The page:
Trudeau rejects White House invitation amid pandemic


Canadian Prime Minister Justin Trudeau declined an invitation from the White House to celebrate the new regional free trade agreement in Washington with U

TORONTO – Prime Minister Justin Trudeau rejected an invitation from the White House to celebrate the new regional free trade agreement in Washington with US President Donald Trump and Mexican President Andrés Manuel López Obrador.

Trump and López Obrador will meet in Washington on Wednesday, but Trudeau spokesman Chantal Gagnon said Monday that while Canada wants the United States and Mexico, Trudeau will not be there.

“While there were recent discussions about Canada’s possible involvement, the prime minister will be in Ottawa this week for scheduled cabinet meetings and the long-planned Parliament session,” said Gagnon.

Trudeau is conducting online cabinet meetings rather than in-person meetings due to the coronavirus pandemic.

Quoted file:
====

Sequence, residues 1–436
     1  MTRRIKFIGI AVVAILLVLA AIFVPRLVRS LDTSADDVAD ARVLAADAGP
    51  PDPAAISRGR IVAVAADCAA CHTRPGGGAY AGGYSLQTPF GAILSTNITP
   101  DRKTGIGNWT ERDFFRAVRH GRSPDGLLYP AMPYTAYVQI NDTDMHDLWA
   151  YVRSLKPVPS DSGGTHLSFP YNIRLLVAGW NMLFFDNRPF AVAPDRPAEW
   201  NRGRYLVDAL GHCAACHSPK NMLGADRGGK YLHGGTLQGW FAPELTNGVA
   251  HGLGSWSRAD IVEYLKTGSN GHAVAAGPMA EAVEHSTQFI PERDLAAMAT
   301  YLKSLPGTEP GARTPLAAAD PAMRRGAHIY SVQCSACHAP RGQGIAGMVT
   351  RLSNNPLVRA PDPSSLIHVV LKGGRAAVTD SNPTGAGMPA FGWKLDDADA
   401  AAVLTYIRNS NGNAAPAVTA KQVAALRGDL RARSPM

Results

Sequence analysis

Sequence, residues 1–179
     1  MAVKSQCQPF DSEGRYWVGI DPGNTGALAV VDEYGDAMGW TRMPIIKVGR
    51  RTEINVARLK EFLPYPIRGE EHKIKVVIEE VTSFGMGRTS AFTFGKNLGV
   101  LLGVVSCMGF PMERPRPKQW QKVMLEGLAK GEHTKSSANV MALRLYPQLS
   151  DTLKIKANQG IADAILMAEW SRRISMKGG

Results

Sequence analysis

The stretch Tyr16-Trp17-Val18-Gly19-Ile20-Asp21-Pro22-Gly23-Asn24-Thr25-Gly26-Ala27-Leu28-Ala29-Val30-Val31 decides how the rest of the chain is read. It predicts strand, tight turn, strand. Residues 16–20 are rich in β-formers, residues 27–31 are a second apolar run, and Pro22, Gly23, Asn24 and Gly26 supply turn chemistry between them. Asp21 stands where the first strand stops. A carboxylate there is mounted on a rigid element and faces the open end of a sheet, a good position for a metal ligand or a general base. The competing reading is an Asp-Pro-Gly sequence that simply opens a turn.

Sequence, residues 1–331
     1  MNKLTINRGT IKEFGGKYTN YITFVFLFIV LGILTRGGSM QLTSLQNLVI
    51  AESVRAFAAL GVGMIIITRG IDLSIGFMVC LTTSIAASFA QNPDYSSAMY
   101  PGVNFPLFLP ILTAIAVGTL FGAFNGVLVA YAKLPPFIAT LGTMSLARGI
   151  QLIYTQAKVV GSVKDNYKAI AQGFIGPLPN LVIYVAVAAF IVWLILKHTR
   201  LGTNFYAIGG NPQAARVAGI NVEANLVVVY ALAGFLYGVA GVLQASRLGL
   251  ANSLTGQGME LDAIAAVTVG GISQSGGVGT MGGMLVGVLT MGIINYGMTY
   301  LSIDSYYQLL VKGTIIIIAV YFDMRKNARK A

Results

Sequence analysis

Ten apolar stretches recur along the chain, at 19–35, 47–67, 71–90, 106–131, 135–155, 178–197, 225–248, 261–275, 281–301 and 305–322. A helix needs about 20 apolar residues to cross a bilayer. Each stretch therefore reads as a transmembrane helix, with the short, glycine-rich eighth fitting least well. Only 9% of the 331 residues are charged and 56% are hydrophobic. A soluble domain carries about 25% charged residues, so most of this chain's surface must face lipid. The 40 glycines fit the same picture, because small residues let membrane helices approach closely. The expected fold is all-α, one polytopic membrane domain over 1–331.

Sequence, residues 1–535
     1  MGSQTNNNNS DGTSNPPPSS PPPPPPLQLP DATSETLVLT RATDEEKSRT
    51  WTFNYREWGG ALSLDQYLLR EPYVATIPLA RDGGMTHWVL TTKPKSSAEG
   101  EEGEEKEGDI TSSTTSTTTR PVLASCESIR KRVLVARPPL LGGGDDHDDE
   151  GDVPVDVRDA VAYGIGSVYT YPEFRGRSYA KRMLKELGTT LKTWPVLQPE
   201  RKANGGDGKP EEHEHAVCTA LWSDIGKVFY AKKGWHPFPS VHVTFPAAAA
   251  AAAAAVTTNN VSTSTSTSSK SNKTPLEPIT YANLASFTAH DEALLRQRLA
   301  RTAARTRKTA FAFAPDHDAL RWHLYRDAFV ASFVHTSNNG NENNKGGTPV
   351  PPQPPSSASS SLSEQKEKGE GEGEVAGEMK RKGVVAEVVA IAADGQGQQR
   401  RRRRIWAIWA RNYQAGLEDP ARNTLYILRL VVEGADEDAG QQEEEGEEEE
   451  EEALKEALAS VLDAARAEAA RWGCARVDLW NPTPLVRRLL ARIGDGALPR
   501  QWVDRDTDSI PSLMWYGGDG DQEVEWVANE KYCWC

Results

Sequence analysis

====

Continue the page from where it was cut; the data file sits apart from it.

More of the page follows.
A senior United States administration official, who spoke on condition of anonymity because he was not authorized to be quoted by name, said that Trudeau had multiple conflicts related to the initiation of Parliament and coronavirus regulations requiring Canadians who travel abroad remain in quarantine for 14 days upon their return. The official said Trudeau has asked to speak to Trump on the phone.

Trudeau then spoke to López Obrador by phone and wished him a successful meeting with Trump, the prime minister’s office said.

Gagnon said the new treaty that went into effect on July 1 “is good for Canada, the United States and Mexico.” It will help ensure that North America emerges stronger from the COVID-19 pandemic. “

Nelson Wiseman, professor of political science at the University of Toronto, said Trudeau has less to lose by avoiding Trump now that the new treaty is in effect.

“Trudeau’s losses in Canadian public opinion will be warned by the very unpopular Trump,” said Wiseman. “Trudeau can afford to wait for the Trump presidency now in less than four months for the US election. Trudeau will remain the power after the election, Trump is much less likely to do so. “

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Associated Press journalist Jill Colvin in Washington contributed to this report.

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